- Taste and odors in water are generally due to what the water has come in contact with and not the water itself. FUD tests both the raw water (before filtering) and the finished water (before being pumped to your home) for many chemicals and substances that can cause taste and odor problems.
- Residential plumbing consists of metal, plastic, and rubber materials. Water passes through these materials and can pick up tastes and odors from being in contact with them. If your water taste or odor is different than your neighbors, the likely cause of the taste or odor is in your private plumbing.
- Ice that has been sitting for long periods can become stale and can contribute to tastes and odors in water. Please throw out old ice and clean your ice maker.
- Allowing the water to run for a minute will sometimes remedy the issues associated with taste and odor problems in residential plumbing.
- First Utility District is not responsible for a customer’s plumbing. We cannot repair it for you. You will need to contact a plumber. FUD operates the water system up to your meter. All plumbing and fixtures on your side of the meter are your private property and responsibility.
How can I prepare for cold weather?
Cold winter temperatures bring the threat of frozen pipes. Make sure you insulate any piping in unheated areas; and don’t forget about your outdoor spigots. They should also be insulated and covered. During especially cold weather it’s always a good idea to leave the water running just a bit, and open under-sink cabinet doors to help prevent freezing of water pipes in the home.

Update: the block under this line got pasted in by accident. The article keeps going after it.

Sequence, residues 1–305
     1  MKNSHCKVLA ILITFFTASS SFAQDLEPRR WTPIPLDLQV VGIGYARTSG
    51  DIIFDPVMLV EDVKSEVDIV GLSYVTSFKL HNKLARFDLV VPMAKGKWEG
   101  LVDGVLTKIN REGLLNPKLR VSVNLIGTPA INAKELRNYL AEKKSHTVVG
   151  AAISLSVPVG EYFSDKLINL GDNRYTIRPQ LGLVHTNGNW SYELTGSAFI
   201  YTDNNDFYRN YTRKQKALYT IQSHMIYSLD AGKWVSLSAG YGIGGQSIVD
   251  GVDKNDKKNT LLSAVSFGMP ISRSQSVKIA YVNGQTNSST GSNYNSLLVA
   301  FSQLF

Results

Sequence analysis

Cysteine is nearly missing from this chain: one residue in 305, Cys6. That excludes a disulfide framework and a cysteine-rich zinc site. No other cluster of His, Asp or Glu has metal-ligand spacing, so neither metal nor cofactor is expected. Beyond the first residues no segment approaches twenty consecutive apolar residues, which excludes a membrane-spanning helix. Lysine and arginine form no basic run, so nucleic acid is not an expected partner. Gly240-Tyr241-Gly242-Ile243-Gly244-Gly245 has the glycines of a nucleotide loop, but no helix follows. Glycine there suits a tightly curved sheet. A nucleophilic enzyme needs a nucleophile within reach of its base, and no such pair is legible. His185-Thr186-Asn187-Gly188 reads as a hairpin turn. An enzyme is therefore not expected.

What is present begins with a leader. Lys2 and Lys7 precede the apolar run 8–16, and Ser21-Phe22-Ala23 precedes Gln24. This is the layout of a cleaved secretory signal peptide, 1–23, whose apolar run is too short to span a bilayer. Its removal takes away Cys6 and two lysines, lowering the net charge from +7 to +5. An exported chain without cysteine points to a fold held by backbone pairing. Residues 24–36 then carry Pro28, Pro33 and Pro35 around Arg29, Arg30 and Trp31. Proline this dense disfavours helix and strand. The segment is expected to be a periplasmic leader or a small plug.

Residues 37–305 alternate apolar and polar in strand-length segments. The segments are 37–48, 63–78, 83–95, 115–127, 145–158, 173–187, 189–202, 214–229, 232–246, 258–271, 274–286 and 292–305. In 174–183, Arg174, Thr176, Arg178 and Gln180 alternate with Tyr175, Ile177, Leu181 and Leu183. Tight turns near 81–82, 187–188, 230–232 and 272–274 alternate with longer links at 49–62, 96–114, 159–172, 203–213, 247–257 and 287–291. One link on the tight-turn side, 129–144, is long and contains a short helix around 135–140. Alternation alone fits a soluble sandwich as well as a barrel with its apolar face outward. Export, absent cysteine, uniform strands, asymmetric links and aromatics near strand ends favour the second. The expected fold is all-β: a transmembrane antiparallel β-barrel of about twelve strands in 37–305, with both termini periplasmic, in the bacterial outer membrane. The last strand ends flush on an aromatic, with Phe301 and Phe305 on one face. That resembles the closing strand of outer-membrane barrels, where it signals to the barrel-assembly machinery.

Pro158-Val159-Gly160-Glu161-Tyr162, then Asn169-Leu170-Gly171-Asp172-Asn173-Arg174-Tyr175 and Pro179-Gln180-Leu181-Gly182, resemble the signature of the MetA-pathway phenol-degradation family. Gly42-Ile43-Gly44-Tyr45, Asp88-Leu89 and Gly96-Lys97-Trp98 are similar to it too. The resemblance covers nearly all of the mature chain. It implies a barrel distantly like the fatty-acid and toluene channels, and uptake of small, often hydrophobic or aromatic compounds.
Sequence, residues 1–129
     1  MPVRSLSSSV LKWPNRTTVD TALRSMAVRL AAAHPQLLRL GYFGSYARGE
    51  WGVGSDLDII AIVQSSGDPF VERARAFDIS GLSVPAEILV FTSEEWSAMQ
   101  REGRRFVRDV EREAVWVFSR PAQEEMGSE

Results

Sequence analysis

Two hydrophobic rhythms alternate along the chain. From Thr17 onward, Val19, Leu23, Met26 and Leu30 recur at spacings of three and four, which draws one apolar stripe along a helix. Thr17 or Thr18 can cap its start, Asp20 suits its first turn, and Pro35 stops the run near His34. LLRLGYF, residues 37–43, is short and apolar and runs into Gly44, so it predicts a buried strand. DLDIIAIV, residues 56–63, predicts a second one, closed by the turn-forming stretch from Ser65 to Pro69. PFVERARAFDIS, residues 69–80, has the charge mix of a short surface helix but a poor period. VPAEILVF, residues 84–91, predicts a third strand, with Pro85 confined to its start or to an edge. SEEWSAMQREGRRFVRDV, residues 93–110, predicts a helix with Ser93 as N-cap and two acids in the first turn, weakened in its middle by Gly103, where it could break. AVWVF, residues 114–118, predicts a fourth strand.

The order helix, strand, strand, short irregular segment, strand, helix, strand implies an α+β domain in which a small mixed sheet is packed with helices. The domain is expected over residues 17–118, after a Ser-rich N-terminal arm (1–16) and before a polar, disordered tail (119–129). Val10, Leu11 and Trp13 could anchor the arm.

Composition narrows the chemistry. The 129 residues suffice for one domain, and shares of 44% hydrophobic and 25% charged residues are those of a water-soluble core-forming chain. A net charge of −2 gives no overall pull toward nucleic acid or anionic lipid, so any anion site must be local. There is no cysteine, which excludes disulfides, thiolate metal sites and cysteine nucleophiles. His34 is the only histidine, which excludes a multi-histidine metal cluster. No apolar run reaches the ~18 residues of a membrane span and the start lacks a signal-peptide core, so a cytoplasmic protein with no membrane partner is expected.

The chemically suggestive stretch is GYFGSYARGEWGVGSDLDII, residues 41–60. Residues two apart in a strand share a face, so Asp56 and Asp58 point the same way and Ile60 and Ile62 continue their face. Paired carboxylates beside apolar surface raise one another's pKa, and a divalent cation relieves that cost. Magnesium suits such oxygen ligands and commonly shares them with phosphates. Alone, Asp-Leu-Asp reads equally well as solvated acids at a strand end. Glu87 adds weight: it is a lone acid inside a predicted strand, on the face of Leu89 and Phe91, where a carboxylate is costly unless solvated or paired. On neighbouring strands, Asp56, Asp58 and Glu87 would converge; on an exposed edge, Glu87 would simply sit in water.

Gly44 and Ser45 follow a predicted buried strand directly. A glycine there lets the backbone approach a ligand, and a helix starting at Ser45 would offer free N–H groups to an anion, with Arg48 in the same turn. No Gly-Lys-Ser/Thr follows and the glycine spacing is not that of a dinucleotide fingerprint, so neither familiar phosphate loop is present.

If your home will be unoccupied for an extended period of time, you may want to turn off the water supply at the main entrance valve, and drain the pipes. Be sure to turn off the water heater as well. If you have a gas water heater, contact your gas supplier. Water in the toilets should be evacuated and a non-toxic antifreeze placed in the bowl and in all traps.
If you have any questions about how best to winterize your home piping, contact a licensed plumber.
FUD can discontinue water service by turning off the meter, however, this action alone will not prevent frozen pipes. A $35.00 service charge will apply when service is re-established.
Irrigation Meter – Did you know?
The cost to set a meter for irrigation is $885.00 provided a road crossing is not required. If so, road crossings cost approximately $400.00 on standard residential roads/streets.
Irrigation water is charged at a higher rate than domestic water.
There is a monthly minimum bill when not in use. Customers have the choice to turn service off (disconnect) at the end of watering season, but will have to fill out an application for service and pay a $35.00 service charge to reconnect in the spring.
The state requires all backflow devices be tested annually. This is done by First Utility. This test is $50.00 and is added to customer’s bill when device is tested.
First Utility does not read/recognize any type of metering unless it belongs to our utility.
Irrigation systems need to be winterized before cold weather begins. This will help ensure that irrigation pipes will not freeze and burst during the winter months.
It is also a good idea to have system inspected by a reputable irrigation company before irrigation begins in the spring/summer months. This is a good time to go over your watering cycles and decide how many days/hours per week you will want to water.